Sunday, September 21, 2003

The global middle-class is the global missing class

The rising tide of this global progress, we are told, will lift all boats. The trouble is that some of our boats are anchored; anchored by place, tradition, identity, a sense of belonging. Anchored boats are not lifted by rising tides; they are overwhelmed, and sunk with all hands.

Dear oh dear, Paul Kingsnorth. The real “trouble” with “global progress” is not its brushed aluminium homogeneity – it is that there is no such thing.

Yes, there is a (numerically tiny) “globocracy”, which you somehow seem to be both on the 5-star inside, and the placard-brandishing outside of. And then there are quite a lot of newly rich people – and alongside them, a far, far larger number of the newly, or recently-industrialised poor. To term any of these groups a new or huge “middle class” is a travesty; the three groups are crowded at either polarity of the wealth spectrum, with nowhere else to go.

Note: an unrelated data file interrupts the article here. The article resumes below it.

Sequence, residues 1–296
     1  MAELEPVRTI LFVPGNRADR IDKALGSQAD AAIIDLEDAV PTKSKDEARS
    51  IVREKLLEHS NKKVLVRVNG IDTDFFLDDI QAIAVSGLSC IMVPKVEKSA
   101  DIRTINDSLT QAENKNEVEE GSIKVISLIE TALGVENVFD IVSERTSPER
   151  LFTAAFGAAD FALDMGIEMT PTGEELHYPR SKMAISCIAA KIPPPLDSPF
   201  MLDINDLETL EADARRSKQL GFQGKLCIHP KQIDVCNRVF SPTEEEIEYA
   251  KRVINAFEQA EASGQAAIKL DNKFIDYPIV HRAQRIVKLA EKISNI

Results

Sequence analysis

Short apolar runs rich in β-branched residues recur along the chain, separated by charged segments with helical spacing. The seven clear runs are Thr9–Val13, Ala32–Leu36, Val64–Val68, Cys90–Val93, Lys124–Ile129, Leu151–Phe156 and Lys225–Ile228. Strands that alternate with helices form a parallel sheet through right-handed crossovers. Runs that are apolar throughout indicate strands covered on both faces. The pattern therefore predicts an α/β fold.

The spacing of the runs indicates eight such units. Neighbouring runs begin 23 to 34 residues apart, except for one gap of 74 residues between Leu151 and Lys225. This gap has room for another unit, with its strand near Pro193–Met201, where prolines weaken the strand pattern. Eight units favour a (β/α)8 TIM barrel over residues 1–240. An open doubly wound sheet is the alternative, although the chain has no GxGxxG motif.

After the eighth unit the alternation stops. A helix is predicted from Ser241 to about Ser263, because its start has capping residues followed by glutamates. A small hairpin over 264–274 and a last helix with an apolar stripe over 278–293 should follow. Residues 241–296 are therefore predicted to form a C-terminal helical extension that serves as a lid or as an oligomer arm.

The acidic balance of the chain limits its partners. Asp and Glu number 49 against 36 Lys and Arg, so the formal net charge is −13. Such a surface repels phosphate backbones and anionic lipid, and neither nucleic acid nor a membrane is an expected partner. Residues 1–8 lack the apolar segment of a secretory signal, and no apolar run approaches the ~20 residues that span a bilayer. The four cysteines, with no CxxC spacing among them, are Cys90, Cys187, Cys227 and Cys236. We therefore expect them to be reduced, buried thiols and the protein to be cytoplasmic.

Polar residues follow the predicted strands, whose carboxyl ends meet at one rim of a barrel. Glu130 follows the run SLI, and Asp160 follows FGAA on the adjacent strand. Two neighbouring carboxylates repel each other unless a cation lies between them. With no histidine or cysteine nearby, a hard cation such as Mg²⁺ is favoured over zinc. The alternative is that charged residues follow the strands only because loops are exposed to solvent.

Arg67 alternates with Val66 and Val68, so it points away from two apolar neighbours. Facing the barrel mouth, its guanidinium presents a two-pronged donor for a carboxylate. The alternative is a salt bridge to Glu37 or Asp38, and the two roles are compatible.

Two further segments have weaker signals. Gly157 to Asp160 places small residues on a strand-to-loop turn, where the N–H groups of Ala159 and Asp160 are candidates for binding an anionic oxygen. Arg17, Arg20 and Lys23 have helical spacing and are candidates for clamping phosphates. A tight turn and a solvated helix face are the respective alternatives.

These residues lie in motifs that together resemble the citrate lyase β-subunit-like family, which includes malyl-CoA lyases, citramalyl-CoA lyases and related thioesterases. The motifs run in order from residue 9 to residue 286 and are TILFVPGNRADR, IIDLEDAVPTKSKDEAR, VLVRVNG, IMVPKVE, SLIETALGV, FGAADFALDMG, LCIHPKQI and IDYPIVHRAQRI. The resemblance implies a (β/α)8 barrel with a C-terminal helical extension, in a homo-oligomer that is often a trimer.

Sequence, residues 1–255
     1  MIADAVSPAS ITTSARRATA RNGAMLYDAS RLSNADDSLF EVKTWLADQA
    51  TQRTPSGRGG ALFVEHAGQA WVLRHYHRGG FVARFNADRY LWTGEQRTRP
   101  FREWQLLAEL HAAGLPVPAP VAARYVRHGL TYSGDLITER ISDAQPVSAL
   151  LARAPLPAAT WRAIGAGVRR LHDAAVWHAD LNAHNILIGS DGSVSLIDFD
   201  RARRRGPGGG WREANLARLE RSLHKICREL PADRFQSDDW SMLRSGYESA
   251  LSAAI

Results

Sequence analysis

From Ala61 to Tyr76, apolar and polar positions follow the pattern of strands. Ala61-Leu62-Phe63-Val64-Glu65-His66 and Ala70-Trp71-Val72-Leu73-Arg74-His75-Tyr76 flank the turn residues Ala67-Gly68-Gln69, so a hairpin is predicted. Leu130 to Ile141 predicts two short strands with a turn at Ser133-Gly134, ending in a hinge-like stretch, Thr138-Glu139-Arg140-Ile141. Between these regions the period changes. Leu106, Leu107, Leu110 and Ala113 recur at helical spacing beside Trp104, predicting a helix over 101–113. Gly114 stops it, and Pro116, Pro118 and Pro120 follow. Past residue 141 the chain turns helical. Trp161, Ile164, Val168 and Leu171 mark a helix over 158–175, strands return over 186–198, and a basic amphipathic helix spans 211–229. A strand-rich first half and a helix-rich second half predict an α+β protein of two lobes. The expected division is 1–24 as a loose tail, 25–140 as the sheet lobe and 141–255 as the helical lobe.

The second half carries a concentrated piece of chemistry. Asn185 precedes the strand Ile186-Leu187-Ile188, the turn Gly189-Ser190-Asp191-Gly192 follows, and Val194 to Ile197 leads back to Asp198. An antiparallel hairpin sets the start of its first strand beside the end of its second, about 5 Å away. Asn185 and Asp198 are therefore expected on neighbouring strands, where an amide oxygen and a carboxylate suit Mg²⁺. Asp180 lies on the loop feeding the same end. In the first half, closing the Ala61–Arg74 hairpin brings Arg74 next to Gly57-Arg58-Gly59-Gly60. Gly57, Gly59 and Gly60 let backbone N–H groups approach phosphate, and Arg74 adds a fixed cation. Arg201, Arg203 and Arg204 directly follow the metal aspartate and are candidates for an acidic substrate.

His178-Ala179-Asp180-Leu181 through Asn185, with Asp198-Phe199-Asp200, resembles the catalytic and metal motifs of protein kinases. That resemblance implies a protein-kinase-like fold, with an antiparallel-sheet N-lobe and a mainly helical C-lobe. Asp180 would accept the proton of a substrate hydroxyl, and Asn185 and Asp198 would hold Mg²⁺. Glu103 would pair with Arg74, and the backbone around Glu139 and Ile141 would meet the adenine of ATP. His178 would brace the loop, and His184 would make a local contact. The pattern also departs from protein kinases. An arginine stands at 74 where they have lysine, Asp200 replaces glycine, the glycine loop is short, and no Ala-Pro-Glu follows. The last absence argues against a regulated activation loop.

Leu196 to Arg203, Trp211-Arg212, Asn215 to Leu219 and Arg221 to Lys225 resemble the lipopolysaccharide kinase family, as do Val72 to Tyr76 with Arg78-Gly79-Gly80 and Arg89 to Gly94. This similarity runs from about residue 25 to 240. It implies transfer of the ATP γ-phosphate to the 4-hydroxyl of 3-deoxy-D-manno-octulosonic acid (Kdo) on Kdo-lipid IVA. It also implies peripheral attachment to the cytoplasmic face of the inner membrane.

I would like to think, Paul, that your street theatre outside globocrat summits was at least on the side of, say, Chinese factory workers living and working in toxic time-bombs, and in absolute poverty to boot. But when you can’t even recognise the first world’s analogue to the Chinese factory worker – a uni graduate cum “career” casual waiter – standing in front of you, I doubt it. The “impeccably polite, bow-tied waiters” are part of the new breed of servants – an occupational class that has only recently emerged in the West, after half a century’s dormancy.

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